Preserving the core
I mentioned this in passing in the last section and in many ways innovation and preservation are tightly connected, despite seeming at first glance to be opposites.
However exciting new prospects might be, however much potential a new technology seems to hold, we can’t let innovation and exploration of the new detract from the quality of the service we already offer.
Our core business remains above all service based. We’re here to address the problems and pains of our clients with humility and expertise. Cutting corners can never be an option we leave open for ourselves, even if the client won’t notice. Ensuring ongoing quality by investing in training, conferences, peer support and networking and other worker development opportunities is essential. This is one way that innovation is tied to preservation, when we expand our understanding of the field by experimenting with new technologies our core skills are enhanced and can be used from a position of much deeper perspective.
Investing in your team is essential to preserving your core business. Your team is more than just a money-making machine though.
It would be easy to wind up taking that approach, where profit is not only the top kpi, but improving it at any cost becomes your focus. Of course profit needs to be a top kpi for any business, but not at the cost of your team’s wellbeing and development!
Over the long term, those two factors (profit and team wellbeing) are deeply interconnected. In addition, at Ekreative it would go against the culture that we’re trying to create if we put our profits into lifting other people out of difficult life situations while simultaneously pushing too hard on our own employees. That’s why Ekreative operates a wide ranging and generous selection of worker benefits, from professional development courses, conferences and events through to things like maternity leave, family sick leave and honeymoon bonuses.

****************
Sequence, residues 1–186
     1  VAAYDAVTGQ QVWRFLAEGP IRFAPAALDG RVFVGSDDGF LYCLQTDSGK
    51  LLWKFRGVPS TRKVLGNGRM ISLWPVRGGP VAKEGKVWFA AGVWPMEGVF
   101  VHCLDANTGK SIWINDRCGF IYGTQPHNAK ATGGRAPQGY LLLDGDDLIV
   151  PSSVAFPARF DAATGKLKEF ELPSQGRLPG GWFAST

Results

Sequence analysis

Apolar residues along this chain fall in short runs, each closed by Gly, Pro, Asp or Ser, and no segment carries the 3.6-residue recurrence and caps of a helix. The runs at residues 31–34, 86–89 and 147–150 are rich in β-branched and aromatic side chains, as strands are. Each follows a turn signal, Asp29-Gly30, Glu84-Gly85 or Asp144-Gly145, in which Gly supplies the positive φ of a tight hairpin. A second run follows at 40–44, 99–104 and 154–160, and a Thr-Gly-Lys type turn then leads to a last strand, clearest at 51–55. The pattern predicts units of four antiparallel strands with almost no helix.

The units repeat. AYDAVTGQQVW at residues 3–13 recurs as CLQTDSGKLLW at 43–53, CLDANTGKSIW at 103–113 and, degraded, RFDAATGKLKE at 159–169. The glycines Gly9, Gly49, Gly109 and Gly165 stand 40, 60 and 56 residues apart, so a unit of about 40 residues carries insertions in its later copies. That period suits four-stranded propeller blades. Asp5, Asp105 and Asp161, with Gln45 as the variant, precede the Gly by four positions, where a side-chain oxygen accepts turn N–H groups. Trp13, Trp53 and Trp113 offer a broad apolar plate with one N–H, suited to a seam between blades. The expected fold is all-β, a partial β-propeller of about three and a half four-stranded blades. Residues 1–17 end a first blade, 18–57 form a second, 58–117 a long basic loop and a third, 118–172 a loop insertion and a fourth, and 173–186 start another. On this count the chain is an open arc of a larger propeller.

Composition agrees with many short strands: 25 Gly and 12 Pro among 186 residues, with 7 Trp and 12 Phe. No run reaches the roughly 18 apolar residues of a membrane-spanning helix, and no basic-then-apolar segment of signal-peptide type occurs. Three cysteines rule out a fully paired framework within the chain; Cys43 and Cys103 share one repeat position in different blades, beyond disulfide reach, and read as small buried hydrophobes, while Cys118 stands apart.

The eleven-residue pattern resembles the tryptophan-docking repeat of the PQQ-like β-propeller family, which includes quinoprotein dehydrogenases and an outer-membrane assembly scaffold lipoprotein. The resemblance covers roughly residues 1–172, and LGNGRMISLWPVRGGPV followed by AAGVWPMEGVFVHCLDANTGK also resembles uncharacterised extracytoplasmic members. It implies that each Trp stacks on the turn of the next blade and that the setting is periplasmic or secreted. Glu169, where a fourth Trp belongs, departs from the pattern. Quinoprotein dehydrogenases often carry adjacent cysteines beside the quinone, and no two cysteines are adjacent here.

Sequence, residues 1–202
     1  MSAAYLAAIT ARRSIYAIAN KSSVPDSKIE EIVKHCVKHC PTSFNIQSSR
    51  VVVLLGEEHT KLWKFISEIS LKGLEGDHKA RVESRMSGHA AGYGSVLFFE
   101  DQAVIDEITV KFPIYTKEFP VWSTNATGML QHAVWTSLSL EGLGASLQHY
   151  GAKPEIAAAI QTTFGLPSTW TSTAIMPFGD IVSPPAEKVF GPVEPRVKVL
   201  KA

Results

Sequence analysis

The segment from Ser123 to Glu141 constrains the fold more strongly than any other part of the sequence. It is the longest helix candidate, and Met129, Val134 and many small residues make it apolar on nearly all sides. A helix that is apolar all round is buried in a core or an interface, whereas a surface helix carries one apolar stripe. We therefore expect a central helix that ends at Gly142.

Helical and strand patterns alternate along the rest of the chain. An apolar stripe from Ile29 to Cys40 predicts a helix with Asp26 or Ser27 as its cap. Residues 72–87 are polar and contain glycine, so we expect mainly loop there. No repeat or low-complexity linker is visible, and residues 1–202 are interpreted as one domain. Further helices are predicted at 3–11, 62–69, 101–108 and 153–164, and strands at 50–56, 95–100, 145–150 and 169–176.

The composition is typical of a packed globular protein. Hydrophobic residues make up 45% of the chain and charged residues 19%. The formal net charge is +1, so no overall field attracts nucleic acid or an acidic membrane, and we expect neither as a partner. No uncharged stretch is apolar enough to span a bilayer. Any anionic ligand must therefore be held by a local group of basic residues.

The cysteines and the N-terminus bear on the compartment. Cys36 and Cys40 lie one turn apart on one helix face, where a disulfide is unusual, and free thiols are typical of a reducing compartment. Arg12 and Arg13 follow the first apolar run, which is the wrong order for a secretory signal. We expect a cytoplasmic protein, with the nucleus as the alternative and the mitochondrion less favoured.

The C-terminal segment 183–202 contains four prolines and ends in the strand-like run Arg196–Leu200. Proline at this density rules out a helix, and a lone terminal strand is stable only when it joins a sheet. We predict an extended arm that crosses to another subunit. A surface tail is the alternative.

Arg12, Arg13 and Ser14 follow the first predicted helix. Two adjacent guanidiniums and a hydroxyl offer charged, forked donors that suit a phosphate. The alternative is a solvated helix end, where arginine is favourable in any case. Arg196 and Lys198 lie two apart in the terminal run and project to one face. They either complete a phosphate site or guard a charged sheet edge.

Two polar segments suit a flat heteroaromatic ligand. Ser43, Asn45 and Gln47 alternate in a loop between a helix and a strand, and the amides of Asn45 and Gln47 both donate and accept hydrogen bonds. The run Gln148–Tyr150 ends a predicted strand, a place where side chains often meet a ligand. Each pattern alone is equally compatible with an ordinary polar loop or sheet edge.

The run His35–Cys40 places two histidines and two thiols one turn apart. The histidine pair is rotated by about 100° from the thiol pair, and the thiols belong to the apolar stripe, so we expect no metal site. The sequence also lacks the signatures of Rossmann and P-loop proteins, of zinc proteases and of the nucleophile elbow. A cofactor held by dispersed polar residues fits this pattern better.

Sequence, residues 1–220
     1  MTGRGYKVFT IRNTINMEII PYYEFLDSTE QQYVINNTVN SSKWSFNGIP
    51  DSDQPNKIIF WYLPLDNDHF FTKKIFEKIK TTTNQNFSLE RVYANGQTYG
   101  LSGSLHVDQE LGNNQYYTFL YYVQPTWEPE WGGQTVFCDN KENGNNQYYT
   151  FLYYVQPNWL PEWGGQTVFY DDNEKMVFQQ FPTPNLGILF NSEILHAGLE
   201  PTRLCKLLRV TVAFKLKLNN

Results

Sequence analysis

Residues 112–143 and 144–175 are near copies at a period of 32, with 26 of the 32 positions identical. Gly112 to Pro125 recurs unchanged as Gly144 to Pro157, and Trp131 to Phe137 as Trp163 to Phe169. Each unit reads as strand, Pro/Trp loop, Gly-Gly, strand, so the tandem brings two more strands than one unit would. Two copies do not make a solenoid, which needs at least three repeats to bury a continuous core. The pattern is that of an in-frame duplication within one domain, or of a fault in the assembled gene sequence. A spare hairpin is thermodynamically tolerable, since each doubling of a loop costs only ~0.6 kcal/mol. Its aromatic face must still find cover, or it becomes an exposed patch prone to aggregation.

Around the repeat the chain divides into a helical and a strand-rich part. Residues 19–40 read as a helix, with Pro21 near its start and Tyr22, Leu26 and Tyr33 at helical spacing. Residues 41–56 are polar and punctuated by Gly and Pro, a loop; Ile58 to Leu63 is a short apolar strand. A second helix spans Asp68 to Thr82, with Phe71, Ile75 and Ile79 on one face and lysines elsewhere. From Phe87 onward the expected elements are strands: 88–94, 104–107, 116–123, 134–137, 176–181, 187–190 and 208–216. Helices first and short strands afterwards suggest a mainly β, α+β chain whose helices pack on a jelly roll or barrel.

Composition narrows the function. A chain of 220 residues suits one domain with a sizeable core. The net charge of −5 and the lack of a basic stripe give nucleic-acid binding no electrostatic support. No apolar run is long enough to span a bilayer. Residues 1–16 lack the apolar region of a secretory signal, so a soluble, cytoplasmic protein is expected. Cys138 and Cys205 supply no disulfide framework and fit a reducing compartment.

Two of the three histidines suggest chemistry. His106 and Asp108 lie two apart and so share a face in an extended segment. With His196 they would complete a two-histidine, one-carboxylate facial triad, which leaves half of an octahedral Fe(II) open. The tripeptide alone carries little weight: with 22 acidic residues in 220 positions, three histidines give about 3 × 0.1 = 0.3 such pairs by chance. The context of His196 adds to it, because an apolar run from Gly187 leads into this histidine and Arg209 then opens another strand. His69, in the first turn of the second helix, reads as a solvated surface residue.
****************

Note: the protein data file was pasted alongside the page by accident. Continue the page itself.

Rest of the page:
We try hard to ensure that at the end of the working day, team members can focus on their life outside of work, without constant distraction about work commitments. Ultimately this doesn’t just boost job satisfaction, but also productivity. That’s why in the last 7 years (since the company restarted), we’ve hired over 80 people yet only a small handful have transitioned onwards to other things. That high rate of retention of skilled workers is something that we’re very proud of and attribute to our team-centric approach.
Having impressive goals
One of the criteria that Collins picks out is that a visionary company that’s built to last has bold and impressive goals. The goals should be SMART (there are several versions of this system around, we use the acronym Specific, Measurable, Achievable, Relevant, Time Bound), but the expectation of what’s achievable is set high.
Ekreative has 6 key mid-term goals that we aim to have reached by 2020:
- Be generating at least $1 million a year for charity
- Run a team of at least 200 people
- Enjoy double digit growth year on year
- Have a thriving sales office in all major markets where we operate
- Dedicate 50% of the company to developing our own products
- Build technological solutions which solve pains experienced by our country – this is more of an ongoing effort to improve the quality of life in our community. At the moment we’re achieving this goal by developing a free transportation app for our city, but there are lots of great ideas for what we might do next.
We feel that these goals represent impressive, yet achievable steps forward from where we are at the moment. A company which doesn’t make impressive plans is unlikely to develop in impressive ways. As time moves forwards and some goals are achieved, new goals also need to rise up and take their place.
Comprehensive company culture
Company culture is a concept which incorporates many of the ideas we’ve already discussed. From an inclination to charity through to a team centric focus, from a commitment to quality through to having big goals, the characteristics which define our company are characteristics which we aim to inspire more and more in each other individually as well.